Friday, December 20, 2013

Colored Pencil On Travertine Marble - Great new surfaces

                                        Celtic Greenman on Travertine Marble 10 X 10 Tile

This is a post that's been waiting to be written on a piece I accomplished at this years CPSA Convention in Brea, CA this summer.  Elliott Everson conducted this workshop, as a signature member of the CPSA, his work is very appropriate for this surface.  His website is here:  Take a look at his work and subject matter, it really goes well onto the stone tile he works on and his location.  But since I'm not a fan of snakes, reptiles, and such, I choose to work from a reference of mine that reflected one of my passions.  Green men faces, I have them all around my yard and home, on a wall of my front porch and elsewhere in my garden.  I just love them.  This mythical figure the Green man symbolizes the life that is found in the natural plant world and on earth itself, and has many interesting stories and fables surrounding it.  Being a gardener I can't help to love the simple idea of the green man protecting my garden.  Their faces are as varied as the human faces in our lives.  

I had created this Celtic Greenman originally on a used violin for a fundraiser for the Richmond Symphony several years ago, called "String Art" (see below).  I primed with colorfix pastel primer on the front face of the badly beat up instrument and then applied my color pencil on top.  It was auctioned to raise funds for the symphony so I never had a chance to enjoy it at my home and secretly wanted one of my own.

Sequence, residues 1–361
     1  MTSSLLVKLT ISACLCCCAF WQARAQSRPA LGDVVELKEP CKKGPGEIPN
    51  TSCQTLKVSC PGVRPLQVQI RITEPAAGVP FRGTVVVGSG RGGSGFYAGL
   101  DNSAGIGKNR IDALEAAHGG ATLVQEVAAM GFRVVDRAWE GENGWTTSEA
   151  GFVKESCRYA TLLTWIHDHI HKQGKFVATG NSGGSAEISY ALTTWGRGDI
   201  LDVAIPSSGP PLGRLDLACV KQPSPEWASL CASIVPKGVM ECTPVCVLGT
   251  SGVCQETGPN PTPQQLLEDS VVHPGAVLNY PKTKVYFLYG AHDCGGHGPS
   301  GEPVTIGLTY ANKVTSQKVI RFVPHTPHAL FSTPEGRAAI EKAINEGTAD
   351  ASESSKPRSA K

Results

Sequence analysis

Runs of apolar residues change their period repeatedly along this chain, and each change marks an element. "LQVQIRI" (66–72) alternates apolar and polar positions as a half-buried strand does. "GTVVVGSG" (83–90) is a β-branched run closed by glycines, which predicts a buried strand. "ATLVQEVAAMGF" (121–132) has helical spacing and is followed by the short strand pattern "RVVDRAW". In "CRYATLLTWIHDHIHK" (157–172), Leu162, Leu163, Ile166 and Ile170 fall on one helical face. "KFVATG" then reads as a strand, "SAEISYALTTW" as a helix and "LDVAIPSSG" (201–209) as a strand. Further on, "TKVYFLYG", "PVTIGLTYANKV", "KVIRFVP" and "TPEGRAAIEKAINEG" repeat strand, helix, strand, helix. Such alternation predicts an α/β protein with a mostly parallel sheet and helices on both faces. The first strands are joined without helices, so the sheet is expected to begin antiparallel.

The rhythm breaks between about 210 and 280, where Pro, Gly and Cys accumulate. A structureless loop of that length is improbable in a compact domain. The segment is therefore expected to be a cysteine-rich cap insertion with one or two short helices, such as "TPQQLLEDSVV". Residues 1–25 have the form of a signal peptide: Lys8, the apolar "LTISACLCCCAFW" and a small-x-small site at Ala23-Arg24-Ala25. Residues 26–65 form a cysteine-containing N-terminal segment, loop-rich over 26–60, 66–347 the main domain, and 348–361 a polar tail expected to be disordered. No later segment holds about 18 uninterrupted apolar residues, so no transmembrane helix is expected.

So it was this image of a stone carving from the Bamburg Cathedral I chose to use as my workshop adventure with travertine marble.  I highly recommend Everett's teaching method on stone, if you ever get to take a workshop from him.  And being an ole decorative painter working on new surfaces intrigues me.  

Working on unsealed, tumbled marble tile was an adventure indeed.  My normal method of working in 20-25 layers on paper or pastelboard wouldn't work here.  Yes, the roughness chews up your pencil a little, so that's similar to pastelboard or sanded paper.  But after a few 3-4 layers of wax based pencil (Prismacolors) you find the pencil sliding on the stone.  Now that would have bothered me but I had just finished working on double frosted mylar for my Jamestown Sea Captain. (See my Aug. entry titled:  Gloria J Callahan, CPSA - Colored Pencil Paintings: Jamestown Sea Captain and my busy summer.   Mylar or Acetate does not take many layers of wax based pencil either.  The one difference is that with the travertine marble can be spray with workable fixative to get a few more layers down. Which worked beautifully on the Celtic Greenman.  

Working with the rough surface was fun to incorporate the dips and crevices into the subject.  This gave me a whole new idea for a series of stone pieces to create.  More to come....... so watch for new work.  Oh, one more thing, you finish and protect your work by spraying with fixative then several light coats of acrylic sealant or varnish.  This of course would not allow you to use the tile for a trivet with hot surfaces as the varnish would be damaged and thus your work.  I'm happy to display it on a counter easel for the art work it is.  And now I have one for my very own.  


I always like to hear what you think or answer questions so make a comment and let"s chat!

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